HIGAKI Yasuki Saga Medical School, Faculty of Medicine, Research Associate, 医学部, 助手 (10228702)
SHONO Naoko Saga Medical School, Faculty of Medicine, Assistant Professor, 医学部, 講師 (60223674)
|Budget Amount *help
¥3,400,000 (Direct Cost: ¥3,400,000)
Fiscal Year 2002: ¥1,600,000 (Direct Cost: ¥1,600,000)
Fiscal Year 2001: ¥1,800,000 (Direct Cost: ¥1,800,000)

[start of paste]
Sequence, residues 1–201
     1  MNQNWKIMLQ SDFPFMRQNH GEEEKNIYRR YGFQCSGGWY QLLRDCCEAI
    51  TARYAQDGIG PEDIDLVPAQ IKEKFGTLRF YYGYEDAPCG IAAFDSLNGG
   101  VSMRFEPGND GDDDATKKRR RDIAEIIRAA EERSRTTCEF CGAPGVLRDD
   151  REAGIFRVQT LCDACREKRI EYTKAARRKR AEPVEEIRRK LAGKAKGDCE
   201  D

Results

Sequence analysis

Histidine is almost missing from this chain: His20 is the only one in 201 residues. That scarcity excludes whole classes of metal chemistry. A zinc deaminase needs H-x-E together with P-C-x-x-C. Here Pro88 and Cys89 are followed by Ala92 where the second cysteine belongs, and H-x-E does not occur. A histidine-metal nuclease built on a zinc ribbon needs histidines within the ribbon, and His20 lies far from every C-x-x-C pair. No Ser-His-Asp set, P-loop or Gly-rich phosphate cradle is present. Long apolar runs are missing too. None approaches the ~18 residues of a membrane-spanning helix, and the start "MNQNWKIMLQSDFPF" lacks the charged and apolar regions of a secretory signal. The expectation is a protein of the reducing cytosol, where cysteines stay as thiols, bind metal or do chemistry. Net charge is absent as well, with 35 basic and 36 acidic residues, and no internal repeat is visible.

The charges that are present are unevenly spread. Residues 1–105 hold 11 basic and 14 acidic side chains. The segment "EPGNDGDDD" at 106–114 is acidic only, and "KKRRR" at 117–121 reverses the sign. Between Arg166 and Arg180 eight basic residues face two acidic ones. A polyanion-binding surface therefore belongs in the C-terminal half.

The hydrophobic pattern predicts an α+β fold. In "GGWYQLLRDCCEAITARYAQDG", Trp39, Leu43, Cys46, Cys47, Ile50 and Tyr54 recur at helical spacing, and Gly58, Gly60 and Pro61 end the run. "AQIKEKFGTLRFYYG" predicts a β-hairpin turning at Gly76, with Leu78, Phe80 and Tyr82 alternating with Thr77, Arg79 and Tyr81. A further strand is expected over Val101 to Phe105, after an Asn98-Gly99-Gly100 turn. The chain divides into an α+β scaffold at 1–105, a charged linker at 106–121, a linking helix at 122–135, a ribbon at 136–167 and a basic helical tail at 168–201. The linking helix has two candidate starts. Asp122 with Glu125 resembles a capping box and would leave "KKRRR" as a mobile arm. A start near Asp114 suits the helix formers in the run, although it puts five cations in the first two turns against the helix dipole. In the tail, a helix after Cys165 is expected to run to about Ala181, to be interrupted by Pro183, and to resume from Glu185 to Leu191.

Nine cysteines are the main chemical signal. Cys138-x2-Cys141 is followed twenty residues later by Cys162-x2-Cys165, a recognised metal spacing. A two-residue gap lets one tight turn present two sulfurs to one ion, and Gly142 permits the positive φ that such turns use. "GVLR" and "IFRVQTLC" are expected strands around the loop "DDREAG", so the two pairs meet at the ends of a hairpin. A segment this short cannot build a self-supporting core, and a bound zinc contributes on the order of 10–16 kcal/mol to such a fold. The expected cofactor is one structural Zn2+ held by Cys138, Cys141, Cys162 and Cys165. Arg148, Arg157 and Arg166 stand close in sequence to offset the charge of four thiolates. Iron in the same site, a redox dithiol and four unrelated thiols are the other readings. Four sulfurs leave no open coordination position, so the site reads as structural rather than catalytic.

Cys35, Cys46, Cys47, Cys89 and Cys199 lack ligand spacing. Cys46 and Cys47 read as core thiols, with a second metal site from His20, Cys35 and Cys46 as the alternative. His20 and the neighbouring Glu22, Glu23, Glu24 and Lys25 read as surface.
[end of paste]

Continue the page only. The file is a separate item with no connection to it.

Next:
In performing human genetics research, informed consent from study participants is essential, yet public attitudes toward such research remain not fully understood. In this cross-sectional study, we evaluated the following issues : 1) what attitude the Japanese middle-aged or older public have toward human genetics studies, and whether they regard those studies important, 2) to what extent they want explanations as to genetic aspects before they decide to or not to participate, 3) what proportion of them are likely to participate, and 4) whether cooperative people have any characteristics in terms of demography (e.g., sex,. age, occupation) and lifestyle habits (e.g., drinking and smoking). From the roster of Saga City residents, we randomly selected a total of 2,000 people (1,000 men and 1,000 women) who aged 40 to 79 years. as of December 31, 2001. In March 2002, a self-administered questionnaire was sent to them, and 1,338 people (667 men and 671 women) completed and returned the questionnaire, with a response rate of 69% : About 80% of the respondents looked upon human genetics research important. The subjects frequently listed the following items upon which they wanted pertinent explanations : the association between disease and gene, the purpose of the study, the reason why he/she was selected as a candidate, the method of protecting genetic privacy, and the notification of genotyping results. Only. 15% of the subjects answered that they did not require detailed explanations. Regarding. the use of stored human specimens for which genetic testing had not explicitly been approved by examinees, around 60% reported that researchers should use only the specimens for which they could confirm examinees' consent for the research use. Those who were willing to participate in genetics studies accounted for 51 % of the subjects, and such willingness was more prevalent among males, professionals/technicians/administrators, and current drinkers.